It is. That is why one man surrounds the earth with a vortex to make the heavens keep it in place, another makes the air support it like a wide lid; as for their capacity of being in the best place they could be at this time, this they do not look for, nor do they believe it to have any divine force, but they believe that they will some time discover a stronger and more immortal Atlas to hold everything together more, they do not believe that the good and'binding' binds and holds them together. Plato here argues that while the materials that compose a body are necessary conditions for its moving or acting in a certain way, they cannot be the sufficient condition for its moving or acting as it does. For example, if Socrates is sitting in an Athenian prison, the elasticity of his tendons is what allows him to be sitting, so a physical description of his tendons can be listed as necessary conditions or auxiliary causes of his act of sitting. However, these are only necessary conditions of Socrates' sitting.

To give a physical description of Socrates' body is to say that Socrates is sitting, but it does not give us any idea why it came to be that he was sitting in the first place. To say why he was sitting and not not sitting, we have to explain what it is about his sitting, good, for all things brought about are brought about because the actor saw some good in them. Thus, to give an explanation of something is to determine what about it is good, its goodness is its actual cause—its purpose, telos or "reason for which". Aristotle argued that Democritus was wrong to attempt to reduce all things to mere necessity, because doing so neglects the aim, "final cause", which brings about these necessary conditions: Democritus, neglecting the final cause, reduces to necessity all the operations of nature. Now, they are necessary, it is true, but yet they are for a final cause and for the sake of what is best in each case, thus nothing prevents the teeth from being shed in this way.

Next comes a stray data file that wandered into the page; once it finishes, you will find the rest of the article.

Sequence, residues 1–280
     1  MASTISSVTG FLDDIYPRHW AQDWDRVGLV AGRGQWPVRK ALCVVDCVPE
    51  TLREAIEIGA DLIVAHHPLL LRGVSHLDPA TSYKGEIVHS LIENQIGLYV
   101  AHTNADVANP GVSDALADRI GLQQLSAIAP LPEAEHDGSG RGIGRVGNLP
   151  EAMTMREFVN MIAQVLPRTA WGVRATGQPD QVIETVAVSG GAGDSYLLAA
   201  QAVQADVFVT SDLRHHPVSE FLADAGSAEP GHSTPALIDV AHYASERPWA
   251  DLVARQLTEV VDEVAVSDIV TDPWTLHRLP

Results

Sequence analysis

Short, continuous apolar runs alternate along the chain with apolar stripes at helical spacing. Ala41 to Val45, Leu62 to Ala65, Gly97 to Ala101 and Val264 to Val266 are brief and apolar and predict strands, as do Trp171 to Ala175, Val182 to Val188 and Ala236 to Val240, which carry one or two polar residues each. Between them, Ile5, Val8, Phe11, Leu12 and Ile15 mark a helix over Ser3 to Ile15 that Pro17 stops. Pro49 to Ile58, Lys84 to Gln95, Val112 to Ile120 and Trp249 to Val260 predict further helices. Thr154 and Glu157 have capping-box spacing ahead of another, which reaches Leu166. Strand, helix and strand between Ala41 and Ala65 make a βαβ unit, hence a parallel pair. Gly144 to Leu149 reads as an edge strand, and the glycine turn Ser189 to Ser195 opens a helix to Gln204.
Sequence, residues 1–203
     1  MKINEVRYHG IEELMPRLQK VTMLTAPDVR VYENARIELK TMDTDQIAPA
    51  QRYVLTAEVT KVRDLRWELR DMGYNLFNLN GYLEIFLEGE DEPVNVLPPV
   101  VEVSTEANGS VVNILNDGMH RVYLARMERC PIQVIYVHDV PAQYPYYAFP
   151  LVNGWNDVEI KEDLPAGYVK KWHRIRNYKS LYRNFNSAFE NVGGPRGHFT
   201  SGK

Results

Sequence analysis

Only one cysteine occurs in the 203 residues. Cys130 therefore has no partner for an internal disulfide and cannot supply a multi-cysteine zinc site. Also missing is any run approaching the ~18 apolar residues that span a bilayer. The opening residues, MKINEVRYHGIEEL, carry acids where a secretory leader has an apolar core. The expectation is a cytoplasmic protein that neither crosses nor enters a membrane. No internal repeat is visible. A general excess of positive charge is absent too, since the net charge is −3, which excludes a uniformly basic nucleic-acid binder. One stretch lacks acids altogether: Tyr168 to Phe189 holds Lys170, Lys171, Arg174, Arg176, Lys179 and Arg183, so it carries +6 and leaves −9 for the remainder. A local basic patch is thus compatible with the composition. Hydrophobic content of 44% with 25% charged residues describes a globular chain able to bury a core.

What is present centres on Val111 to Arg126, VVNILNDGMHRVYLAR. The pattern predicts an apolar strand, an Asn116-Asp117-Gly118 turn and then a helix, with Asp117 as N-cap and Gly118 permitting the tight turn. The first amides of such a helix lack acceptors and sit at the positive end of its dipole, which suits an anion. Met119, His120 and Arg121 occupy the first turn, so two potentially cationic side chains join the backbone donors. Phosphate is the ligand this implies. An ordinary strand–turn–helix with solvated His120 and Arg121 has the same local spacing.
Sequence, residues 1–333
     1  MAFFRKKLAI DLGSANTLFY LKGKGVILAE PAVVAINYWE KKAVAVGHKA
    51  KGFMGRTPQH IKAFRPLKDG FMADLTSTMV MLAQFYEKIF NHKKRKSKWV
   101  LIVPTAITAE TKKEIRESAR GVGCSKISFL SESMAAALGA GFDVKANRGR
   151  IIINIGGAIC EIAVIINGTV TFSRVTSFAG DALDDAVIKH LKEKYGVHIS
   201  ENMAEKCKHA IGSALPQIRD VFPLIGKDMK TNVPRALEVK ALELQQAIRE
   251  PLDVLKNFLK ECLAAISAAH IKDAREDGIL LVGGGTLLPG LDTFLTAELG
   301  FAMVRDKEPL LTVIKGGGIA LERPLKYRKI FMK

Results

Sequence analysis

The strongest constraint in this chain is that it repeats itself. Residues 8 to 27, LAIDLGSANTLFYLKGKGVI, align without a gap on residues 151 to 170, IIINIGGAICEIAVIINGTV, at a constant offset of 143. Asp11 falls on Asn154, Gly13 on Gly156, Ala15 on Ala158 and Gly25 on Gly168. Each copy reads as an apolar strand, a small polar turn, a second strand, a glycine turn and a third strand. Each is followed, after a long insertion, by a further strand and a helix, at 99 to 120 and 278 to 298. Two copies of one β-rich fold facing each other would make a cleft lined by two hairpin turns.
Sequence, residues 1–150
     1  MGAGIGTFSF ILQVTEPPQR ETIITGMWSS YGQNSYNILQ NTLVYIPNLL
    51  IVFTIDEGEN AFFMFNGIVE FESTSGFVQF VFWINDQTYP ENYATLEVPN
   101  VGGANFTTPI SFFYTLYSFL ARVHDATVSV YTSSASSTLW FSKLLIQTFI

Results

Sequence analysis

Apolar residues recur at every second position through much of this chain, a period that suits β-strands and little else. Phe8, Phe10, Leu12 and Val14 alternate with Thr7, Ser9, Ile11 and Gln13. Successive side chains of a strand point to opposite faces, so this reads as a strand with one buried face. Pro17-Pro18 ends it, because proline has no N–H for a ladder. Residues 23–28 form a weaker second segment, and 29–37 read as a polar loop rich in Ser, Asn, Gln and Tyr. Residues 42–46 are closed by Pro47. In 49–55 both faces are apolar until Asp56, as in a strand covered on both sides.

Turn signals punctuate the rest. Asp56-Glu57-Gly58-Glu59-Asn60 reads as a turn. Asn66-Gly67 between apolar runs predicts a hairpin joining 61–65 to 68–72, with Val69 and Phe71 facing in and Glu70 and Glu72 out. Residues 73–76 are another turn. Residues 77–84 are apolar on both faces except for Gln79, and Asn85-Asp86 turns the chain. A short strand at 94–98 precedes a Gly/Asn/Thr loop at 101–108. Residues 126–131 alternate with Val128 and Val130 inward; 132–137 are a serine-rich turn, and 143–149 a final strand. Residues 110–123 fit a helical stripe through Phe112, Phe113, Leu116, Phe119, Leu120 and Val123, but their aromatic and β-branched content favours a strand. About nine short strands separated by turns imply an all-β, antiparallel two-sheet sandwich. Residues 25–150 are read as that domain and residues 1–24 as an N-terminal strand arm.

List of ecclesiastical basilicas in Rome

The following is a List of Basilicas in Rome. An ecclesiastical basilica is a Roman Catholic church building, granted special status by the Pope. There are 66 such churches in Rome, more than any other city, more than 125 of the 131 countries in the world that have basilicas. There are four major basilicas of the Catholic Church: All four are in Rome, are distinguished by their having a holy door and for being prescribed as destinations for visits as one of the conditions for gaining the Roman Jubilee, they are signified by an Umbraculum and a Tintinnabulum. The four are designated Papal basilicas, so that only the Pope or his delegate may celebrate Mass at the high altar. Several minor basilicas are designated as papal basilicas, they are also sites of pilgrimage. Minor basilicas are marked by the tintinnabulum and umbraculum, though for a minor basilica this is of yellow and red silk. List of all Minor Basilicas from GCatholic